Woman Cracks Herself up Realizing She Can Totally Speak ‘Turkey'

Wouldn't it be nice to be able to talk to animals? We'd have so many questions! Like, do you really like living outside? Well one woman recently discovered that she had the rare gift of gab when out visiting a flock of turkeys. And people are cracking up about her unique language abilities.

Leslie Tucker was at the farm when she attempted to communicate with the birds.

At first it wasn't exactly a success. She had to make sure that the turkeys don't secretly understand English — which they don't! — as the video shows.

Related: Turkeys Responding to a Person Whistling Is Totally Unexpected

"If I say noise — hello! — they don't repeat," she said in the clip. "What's going on? Hey!" she said to the group of birds.

And she wasn't lying. The turkeys didn't respond to her at all. But then she tried a different tactic. She made a gobble-like noise — which totally worked.

She tried it several other times around the farm, and each and every time the turkeys followed suit.

"I am their new leader," she joked.

She really was! Those turkeys were following her every gobble. The comments section definitely took note of Tucker's way with the turkeys and couldn't stop cracking up. "The way I would never leave. The dopamine of it all," joked one person. "I know a Pokémon trainer when I see one," someone else teased. "You’re speaking their language!" a third commenter cheered.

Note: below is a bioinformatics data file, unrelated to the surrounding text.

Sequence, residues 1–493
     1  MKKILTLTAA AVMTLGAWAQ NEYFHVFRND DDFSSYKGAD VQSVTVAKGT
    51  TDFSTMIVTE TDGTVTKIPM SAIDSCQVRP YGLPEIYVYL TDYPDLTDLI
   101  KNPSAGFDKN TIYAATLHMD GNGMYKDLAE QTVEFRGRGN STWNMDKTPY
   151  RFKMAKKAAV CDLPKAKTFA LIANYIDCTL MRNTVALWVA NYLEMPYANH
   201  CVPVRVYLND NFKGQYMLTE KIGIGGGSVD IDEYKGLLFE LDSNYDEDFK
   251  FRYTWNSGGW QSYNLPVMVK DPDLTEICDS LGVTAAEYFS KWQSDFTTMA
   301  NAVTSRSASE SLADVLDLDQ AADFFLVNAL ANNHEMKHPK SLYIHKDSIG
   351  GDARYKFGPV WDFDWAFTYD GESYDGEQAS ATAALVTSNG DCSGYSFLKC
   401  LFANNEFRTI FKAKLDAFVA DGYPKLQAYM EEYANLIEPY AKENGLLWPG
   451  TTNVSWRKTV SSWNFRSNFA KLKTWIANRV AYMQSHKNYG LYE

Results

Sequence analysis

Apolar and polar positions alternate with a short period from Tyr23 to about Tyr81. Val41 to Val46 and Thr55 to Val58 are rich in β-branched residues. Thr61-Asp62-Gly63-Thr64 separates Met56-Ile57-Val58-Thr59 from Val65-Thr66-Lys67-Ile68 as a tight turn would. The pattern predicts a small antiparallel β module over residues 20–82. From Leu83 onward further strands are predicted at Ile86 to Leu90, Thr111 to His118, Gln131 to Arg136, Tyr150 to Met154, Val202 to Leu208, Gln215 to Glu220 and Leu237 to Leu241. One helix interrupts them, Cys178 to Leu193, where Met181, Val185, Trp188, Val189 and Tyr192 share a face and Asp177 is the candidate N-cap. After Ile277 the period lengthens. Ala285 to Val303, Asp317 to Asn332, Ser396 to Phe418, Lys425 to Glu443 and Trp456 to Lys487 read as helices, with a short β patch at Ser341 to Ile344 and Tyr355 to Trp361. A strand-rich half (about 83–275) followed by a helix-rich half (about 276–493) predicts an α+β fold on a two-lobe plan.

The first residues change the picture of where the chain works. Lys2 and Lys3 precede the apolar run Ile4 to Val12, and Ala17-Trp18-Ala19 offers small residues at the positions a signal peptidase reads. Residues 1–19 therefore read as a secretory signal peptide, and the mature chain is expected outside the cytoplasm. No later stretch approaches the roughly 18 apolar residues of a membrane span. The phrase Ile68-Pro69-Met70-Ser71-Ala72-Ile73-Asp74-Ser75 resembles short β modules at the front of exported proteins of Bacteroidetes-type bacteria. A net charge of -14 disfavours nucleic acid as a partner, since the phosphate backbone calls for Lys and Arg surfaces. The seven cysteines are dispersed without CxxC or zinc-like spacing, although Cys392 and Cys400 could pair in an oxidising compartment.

While another commenter admitted that they too were a turkey whisperer. "When I drive by turkeys I gobble at them cus they always gobble back. It's too funny," they wrote.

All About Turkey Sounds

Contrary to what you might think, turkeys actually make a few different sounds. That distinctive gobble that we all know and love is actually done by male turkeys and is sort of like the equivalent of a rooster's crow. Gobbles are a loud, throaty, shrill, jumble of sounds that can last a mere second. But it is so distinct that most people can identify a turkey call from far away.

Male turkeys tend to gobble from treetop roosts, where the sound may carry better. Males will gobble to get the attention of females or to respond to other males in the group. Males might even gobble to to lead a group of others in call.

While the gobble is the most well-known, turkeys make other noises like cackling, whistling, and a distinctive chump and hum sound that males will make while strutting around.

So we guess that Tucker has a lot of work to do if she's ever going to be fluent in all-things turkey.

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